Sunday, January 22, 2017

Countdown to 2017 Topps #10: Who Ya Dig? VIDA BLUE

We have a listener-supported, independent community radio station in the Boise area that I try to listen to every Sunday (late) morning and (early) afternoon. The two programs I'm referring to are called Spoonful, which features "vintage rock 'n roll, heavy blues, twangy rockabilly, righteous surf, classic country and early gospel", and Sunday Soul Party, which features "a cross section of lesser heard Soul, R&B, Funk, and Jazz". One of the songs on today's playlist was the Honey Dripper's Impeach the President, which I found quite humorous, having just witnessed Donald J. Trump being sworn in as President just two days ago. Anyway, we're now 10 days away from the release of 2017 Topps Series 1 Baseball...

One thing I love about the internet is the ability to discover new music. This is especially important to a guy like me who's stuck in (for the most part) classic rock from the late 60s-70s and 80s rock, metal and new wave. I do like other genres of music, although I'm far less-versed in the area of funk, soul and r&b, and so apps like Spotify, Pandora and Youtube are a godsend for a change in my consumption and appreciation of music. One genre I've been listening to more of recently is funk.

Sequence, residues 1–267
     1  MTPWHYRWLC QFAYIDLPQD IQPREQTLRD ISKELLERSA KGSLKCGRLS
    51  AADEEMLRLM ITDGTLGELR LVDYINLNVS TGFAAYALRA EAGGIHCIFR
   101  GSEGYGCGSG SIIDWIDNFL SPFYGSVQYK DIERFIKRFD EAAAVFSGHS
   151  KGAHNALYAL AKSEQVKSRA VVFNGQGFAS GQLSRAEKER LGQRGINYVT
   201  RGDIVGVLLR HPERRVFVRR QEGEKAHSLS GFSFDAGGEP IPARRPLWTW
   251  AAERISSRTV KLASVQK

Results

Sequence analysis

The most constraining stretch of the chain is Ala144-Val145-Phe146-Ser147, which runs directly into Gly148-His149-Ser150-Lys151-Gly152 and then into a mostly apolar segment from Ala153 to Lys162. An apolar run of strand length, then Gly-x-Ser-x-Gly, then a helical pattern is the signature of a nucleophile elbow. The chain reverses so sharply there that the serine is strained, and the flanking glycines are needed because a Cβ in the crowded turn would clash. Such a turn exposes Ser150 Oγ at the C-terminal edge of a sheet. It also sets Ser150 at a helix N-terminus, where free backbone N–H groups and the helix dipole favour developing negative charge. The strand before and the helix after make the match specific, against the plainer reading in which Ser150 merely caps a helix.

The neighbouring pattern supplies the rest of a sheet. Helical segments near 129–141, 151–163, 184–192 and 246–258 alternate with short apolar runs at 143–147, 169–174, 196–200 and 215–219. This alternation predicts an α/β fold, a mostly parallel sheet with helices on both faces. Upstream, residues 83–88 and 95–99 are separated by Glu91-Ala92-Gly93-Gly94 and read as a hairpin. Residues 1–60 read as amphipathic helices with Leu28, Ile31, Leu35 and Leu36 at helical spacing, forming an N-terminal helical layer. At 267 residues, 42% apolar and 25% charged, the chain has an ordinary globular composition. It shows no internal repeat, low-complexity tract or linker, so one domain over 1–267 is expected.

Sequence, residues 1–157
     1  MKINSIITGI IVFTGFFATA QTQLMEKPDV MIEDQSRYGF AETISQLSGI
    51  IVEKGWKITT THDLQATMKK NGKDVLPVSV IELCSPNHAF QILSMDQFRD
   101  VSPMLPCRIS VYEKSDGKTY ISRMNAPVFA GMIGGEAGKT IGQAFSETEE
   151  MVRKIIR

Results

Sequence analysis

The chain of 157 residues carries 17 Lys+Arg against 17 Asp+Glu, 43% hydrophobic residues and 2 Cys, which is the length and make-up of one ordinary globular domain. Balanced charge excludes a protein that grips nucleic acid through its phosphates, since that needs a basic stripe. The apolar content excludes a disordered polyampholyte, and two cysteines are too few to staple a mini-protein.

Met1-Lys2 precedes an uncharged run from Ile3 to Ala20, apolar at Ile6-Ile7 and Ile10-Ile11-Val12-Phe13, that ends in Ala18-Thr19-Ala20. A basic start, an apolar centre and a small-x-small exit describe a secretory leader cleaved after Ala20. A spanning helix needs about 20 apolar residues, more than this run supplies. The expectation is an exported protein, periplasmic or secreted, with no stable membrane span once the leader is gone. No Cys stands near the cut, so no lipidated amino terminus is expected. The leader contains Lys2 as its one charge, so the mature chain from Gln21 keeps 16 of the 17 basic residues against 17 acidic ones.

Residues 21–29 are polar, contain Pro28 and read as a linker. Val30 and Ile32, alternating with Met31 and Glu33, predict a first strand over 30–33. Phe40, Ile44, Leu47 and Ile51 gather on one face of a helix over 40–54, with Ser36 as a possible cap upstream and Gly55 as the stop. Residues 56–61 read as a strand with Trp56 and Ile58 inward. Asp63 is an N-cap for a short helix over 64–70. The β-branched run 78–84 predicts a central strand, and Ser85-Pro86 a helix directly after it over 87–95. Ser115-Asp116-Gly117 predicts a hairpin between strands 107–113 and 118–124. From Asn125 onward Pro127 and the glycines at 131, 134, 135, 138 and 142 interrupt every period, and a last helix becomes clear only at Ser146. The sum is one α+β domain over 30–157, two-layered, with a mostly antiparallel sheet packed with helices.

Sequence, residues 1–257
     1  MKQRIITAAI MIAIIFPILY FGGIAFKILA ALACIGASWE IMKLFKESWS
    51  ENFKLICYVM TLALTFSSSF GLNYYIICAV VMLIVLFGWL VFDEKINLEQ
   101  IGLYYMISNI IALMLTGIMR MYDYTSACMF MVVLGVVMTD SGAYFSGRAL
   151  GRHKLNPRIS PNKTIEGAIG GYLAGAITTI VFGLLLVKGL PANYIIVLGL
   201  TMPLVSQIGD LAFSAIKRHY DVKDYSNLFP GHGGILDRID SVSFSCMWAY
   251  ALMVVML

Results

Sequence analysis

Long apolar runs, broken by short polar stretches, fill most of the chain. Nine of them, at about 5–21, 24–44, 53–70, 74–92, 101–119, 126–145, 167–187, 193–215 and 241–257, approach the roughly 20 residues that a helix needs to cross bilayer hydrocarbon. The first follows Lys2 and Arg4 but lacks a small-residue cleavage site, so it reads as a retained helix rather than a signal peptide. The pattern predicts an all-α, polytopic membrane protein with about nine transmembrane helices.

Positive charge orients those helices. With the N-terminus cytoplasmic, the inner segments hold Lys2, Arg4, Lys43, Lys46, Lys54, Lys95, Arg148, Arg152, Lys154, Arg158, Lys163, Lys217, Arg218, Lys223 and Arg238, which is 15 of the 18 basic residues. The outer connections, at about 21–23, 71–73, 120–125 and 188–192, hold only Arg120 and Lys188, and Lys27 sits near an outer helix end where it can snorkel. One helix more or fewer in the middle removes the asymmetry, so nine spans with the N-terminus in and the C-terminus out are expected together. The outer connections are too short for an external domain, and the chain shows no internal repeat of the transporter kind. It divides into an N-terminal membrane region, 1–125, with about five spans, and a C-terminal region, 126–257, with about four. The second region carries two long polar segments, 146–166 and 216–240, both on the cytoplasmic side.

I can't help but think how appropriate it is that it would be a couple of soul and funk artists who would be the ones to pay homage to a pitcher like Vida Blue. Not rock; not country- but soul and funk.

Born out of soul, jazz, and rhythm and blues music, funk music places an emphasis on a strong groove and less on melody. It's percussive style is very similar to Blue's pitching style: power pitcher who worked fast and pounded the zone with his heater. You want melody? Try Greg Maddux. Blue was all funk.

James Brown introduced us to the genre aound the time Vida was nearing the end of high school and saw the genre reach its high point during the late '60s and early '70s- the same time that Blue began his career and ascended to stardom. The artists of this time period were a colorful, flashy bunch (much like Blue's '75 Topps card) and often wore crazy outfits. While I know nothing about the two artists that paid tribute to the pitcher, I do know that they could lay down a groove.

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